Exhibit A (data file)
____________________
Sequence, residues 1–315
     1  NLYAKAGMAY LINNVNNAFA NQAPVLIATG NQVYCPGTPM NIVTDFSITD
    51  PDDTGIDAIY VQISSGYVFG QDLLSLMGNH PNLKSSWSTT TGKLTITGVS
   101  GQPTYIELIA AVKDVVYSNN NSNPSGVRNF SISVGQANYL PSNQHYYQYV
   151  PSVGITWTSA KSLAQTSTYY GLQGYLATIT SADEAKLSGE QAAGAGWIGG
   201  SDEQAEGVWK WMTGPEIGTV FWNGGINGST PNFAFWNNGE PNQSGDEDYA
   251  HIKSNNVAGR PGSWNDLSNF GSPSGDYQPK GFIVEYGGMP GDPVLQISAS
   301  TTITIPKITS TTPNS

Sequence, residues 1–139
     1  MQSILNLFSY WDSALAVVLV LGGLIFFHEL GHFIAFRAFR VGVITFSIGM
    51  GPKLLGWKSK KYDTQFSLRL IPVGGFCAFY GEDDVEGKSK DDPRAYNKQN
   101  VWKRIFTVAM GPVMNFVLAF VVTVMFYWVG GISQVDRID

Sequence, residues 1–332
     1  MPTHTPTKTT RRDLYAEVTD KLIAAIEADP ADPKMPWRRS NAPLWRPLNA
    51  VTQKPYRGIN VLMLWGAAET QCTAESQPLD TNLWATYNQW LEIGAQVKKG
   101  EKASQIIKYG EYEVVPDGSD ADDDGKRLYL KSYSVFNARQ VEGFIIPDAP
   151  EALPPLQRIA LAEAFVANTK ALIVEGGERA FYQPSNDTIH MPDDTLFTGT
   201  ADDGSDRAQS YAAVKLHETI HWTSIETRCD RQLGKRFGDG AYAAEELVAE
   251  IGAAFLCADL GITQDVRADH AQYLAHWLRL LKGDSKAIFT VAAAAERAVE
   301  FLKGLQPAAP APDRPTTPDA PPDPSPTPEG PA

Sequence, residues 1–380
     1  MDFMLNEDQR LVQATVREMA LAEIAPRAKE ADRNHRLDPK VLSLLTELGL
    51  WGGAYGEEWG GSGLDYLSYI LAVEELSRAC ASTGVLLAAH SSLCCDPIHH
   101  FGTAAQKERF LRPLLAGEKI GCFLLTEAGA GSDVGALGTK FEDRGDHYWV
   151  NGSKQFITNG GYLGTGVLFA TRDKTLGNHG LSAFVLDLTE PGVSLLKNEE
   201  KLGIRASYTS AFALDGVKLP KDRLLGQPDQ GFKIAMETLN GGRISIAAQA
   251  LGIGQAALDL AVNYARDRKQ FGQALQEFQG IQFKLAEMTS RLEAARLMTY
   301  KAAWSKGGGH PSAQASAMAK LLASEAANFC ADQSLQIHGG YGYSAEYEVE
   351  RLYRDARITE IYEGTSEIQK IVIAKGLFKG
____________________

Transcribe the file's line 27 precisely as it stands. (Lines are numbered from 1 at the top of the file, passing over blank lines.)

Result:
   251  LGIGQAALDL AVNYARDRKQ FGQALQEFQG IQFKLAEMTS RLEAARLMTY